The Art of a Goose Chase

For the last four weekends now I have been on a goose chase, for one moth, Heliolonche celeris.  It’s a beautiful small Noctuidae with pinkish forewings and stunning orange-red hindwings.  It isn’t very often encountered and only found along the northern California mountain ranges feeding on Malacothrix floccifera - a CA endemic flower.  Every trip I have gotten skunked, until today – I collected two!  As you may recall my first outing was about a month ago, no moth, but a beautiful series of specimens and photographs of Adela moths.  The last few trips haven’t even come close to being as productive as the Adela one.  So what to do when not finding your target?  Get a sun burn and take some crummy photos.

Grinter Plebejus acmon matingCaught in the act.  Plebejus acmon

(continued below)

Not quite a moth.

No moth, no moth, no moth…

ONE MOTH!

This H. celeris is exhibiting typical flower moth behavior, sitting on the flower head plain as day.  They actually stay like this all night on the flower (even if it closes up around them as some flowers do – which leads to them colloquially being known as “taco moths”… because the moth’s butt sticks up past the petals and looks like it’s in a taco).  And this is exactly why I left my apartment at 6 am this morning to arrive by 8.  If it is still cold out they don’t even twitch when you approach.  And, if they aren’t flying, it’s easy to survey an area for moths and know that you haven’t missed any.  But, as soon as the sun warms them up, they become zippy bastards and vanish before you can even reach for the lens cap.  This being the first moth I saw today I really didn’t make the effort to take a great image.  Subjects have a nasty habit of flying away right after you get the good shot (well, usually right before the good shot)… and I couldn’t risk losing the only specimen of the day.

10 comments to The Art of a Goose Chase

  • Where’s the “like” button? Great pics and good commentary.

  • “No moth, no moth, no moth…”

    Ha. I lol’d.

    It is a pretty little thing…

  • …pinkish forewings and stunning orange-red hindwings.

    A colorful, day-flying moth that sits prominently in the center of flowers – chemical defenses?

  • That’s a good question, and it has crossed my mind before. There a lot of these small day flying flower moths that are clearly not cryptic yet I haven’t ever read about any chemical defenses or mimicry. I also don’t think of Malacothrix as a particularly noxious plant… will investigate.

  • Okay, now I have to post the latest mystery moth pics I took a few days ago. (4/30) Pretty please if you have a moment, check it out and render your sage opinion. !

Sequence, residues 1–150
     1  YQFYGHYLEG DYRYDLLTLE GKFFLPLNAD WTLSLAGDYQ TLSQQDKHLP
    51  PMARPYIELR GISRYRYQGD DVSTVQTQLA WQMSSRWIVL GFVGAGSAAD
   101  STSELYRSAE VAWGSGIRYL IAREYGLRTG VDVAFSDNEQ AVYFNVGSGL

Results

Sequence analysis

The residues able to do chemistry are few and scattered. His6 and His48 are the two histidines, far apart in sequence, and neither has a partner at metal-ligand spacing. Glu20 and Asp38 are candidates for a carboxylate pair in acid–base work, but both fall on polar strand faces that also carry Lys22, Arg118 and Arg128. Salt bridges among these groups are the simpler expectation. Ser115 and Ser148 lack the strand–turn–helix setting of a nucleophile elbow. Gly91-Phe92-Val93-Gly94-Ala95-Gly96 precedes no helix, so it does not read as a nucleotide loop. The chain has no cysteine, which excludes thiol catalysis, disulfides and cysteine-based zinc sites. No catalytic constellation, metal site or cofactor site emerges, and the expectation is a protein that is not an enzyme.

• Ted’s question has nagged me this week. I’ve never heard of anyone studying this, but… Has anyone seen these flower moths under UV? See a related flower species under UV here: http://www.naturfotograf.com/UV_SENE_AQU.html. Maybe, while sitting on the bulls-eye, these moths become “invisible” to predators who see UV, such a birds. The added bonus for the moths is this might increase their chances of finding a mate which is attracted to the UV bulls-eye.

    • You have to be right about that Katie, I’ve been thinking about this too. I can’t recall any literature in reference to adult insect UV crypsis. There is some work in regards to caterpillars… but I’ll have to do some more digging. Birds are probably not the primary predator on these moths since their acute vision makes them incredibly difficult to approach in the daytime. But, most lizards see in UV and these flowers are just about at head level for most small reptiles (and there were a ton on site).

  • Sometimes, the light bulb just turns on.

    • So there is a monograph to this subfamily – and in there Hardwick (author) points out the counterintuitive crypsis of this moth! Instead of a good idea he postulates

      “It is not too difficult to envisage populations of Malacothrix floccifera with reddish heads, with which the wings of Heliolonche celeris might have been more concolorous”.

      So, he just assumes they are oddities because the flowers changed without them and they survived “possibly because of a decrease in predation pressure”.

      Seems to me that UV crypsis is much more likely. And… I don’t believe that’s been shown in adult Lepidoptera. Add it to the list!

      • ; ) Just make sure you credit me for this idea when you become the ruler of the universe, er… recognized expert on lepidopteran UV crypsis. I’m glad you looked it up. Please let me know if you find out any more info.

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